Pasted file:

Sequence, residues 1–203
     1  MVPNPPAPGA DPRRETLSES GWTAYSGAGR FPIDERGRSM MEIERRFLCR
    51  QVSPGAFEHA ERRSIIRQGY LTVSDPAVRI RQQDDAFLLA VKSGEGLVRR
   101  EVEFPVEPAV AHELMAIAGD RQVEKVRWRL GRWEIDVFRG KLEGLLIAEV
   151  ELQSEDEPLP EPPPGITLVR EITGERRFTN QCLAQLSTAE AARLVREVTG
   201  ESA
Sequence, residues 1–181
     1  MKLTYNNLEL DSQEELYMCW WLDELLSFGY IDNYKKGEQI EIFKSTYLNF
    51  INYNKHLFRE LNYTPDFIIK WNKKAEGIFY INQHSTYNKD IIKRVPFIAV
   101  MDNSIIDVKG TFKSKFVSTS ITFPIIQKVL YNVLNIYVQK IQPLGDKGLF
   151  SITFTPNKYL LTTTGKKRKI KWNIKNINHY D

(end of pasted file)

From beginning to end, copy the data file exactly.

Sequence, residues 1–203
     1  MVPNPPAPGA DPRRETLSES GWTAYSGAGR FPIDERGRSM MEIERRFLCR
    51  QVSPGAFEHA ERRSIIRQGY LTVSDPAVRI RQQDDAFLLA VKSGEGLVRR
   101  EVEFPVEPAV AHELMAIAGD RQVEKVRWRL GRWEIDVFRG KLEGLLIAEV
   151  ELQSEDEPLP EPPPGITLVR EITGERRFTN QCLAQLSTAE AARLVREVTG
   201  ESA
Sequence, residues 1–181
     1  MKLTYNNLEL DSQEELYMCW WLDELLSFGY IDNYKKGEQI EIFKSTYLNF
    51  INYNKHLFRE LNYTPDFIIK WNKKAEGIFY INQHSTYNKD IIKRVPFIAV
   101  MDNSIIDVKG TFKSKFVSTS ITFPIIQKVL YNVLNIYVQK IQPLGDKGLF
   151  SITFTPNKYL LTTTGKKRKI KWNIKNINHY D